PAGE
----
The author of these essays assumes the name of "Wheelbarrow," he asserts, because he once labored with pick, shovel, and wheelbarrow on a railroad. He also states that he was once "clerk" to a brick-layer—that is, that he carried bricks for him. The series of essays was begun under prompting of the thoughts suggested by the telegraphers' strike of 1883; and most of them have grown out of other movements of working-men to better their condition. The burden of them is to expose the folly of the present management of those movements, and this is done in the most vigorous manner, whether it relates to trades-union despotism and exclusiveness, to the silver craze, or to any of the various tricks by which demagogues and monopolists, of whatever rank, seek to impose upon men who work—and all without hostility to any association for their real benefit. "In the present condition of society," says the author, "not to organize would be the very imbecility of resignation on the part of working-men. They may follow unwise principles for a time, but out of that organization a correct education will come at last."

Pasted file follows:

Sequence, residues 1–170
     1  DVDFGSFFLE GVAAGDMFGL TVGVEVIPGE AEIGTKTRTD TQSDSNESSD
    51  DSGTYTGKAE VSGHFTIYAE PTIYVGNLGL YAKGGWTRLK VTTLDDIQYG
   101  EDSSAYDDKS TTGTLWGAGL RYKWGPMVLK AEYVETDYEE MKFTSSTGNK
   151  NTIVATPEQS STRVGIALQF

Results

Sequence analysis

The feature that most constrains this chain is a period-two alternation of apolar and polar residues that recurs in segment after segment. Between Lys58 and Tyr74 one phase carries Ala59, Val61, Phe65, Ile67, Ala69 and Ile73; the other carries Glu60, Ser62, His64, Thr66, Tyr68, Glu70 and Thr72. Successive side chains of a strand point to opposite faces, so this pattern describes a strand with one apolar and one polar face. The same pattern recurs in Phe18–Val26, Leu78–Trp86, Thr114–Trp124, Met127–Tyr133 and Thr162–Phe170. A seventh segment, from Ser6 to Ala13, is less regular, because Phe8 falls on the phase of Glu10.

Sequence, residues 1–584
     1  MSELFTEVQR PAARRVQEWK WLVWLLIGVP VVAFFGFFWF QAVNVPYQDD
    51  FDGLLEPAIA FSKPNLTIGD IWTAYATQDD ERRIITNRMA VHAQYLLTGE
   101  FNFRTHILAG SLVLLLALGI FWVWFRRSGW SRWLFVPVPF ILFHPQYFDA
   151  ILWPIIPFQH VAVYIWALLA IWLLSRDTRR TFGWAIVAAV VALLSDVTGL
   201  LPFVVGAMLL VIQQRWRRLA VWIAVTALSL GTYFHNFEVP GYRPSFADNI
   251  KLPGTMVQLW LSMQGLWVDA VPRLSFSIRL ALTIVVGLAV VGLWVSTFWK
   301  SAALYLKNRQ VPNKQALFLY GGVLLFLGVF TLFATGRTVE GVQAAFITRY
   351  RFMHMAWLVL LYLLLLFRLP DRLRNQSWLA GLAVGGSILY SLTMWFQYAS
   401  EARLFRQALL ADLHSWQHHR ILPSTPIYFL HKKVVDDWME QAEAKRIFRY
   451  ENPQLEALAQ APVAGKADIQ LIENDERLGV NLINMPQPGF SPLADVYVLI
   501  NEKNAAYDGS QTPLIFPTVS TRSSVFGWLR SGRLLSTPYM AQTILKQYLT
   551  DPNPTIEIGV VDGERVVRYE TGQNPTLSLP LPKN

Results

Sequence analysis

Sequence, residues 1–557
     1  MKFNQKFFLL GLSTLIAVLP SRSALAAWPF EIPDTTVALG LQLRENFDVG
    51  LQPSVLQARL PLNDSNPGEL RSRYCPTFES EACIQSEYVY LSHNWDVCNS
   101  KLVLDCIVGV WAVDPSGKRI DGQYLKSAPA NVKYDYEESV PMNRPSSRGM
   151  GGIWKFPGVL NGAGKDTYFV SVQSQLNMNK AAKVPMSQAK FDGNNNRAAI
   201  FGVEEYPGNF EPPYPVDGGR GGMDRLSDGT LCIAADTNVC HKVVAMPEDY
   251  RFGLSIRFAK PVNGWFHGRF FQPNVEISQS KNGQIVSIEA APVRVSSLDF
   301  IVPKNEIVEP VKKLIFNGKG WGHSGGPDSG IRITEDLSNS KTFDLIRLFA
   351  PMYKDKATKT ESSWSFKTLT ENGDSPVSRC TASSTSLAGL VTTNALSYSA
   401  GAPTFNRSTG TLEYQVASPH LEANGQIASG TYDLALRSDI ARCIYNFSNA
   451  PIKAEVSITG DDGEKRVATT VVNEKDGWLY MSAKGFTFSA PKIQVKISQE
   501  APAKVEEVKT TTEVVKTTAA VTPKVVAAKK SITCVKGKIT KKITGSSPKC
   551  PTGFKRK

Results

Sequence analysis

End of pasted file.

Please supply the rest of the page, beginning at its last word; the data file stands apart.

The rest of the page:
Wonders and Curiosities of the Railway; or, Stories of the Locomotive in Every Land. By William Sloane Kennedy. Chicago: S. C. Griggs & Co. Pp. 254. Price, $1.25.
A pleasant book of history, gossip, and anecdote, about the origin and development of railways in Europe and America. The statements of fact are derived from authentic sources, and the serves to give variety to the solid part. The volume is illustrated by cuts of various engines and cars, including the earliest made, that give graphic representations of the modest originals from which the present provisions for the accommodation of travelers have been worked out.
Lessons in Chemistry. By William H. Greene, M. D. Philadelphia: J. B. Lippincott & Co. Pp. 357. Price, $1.25.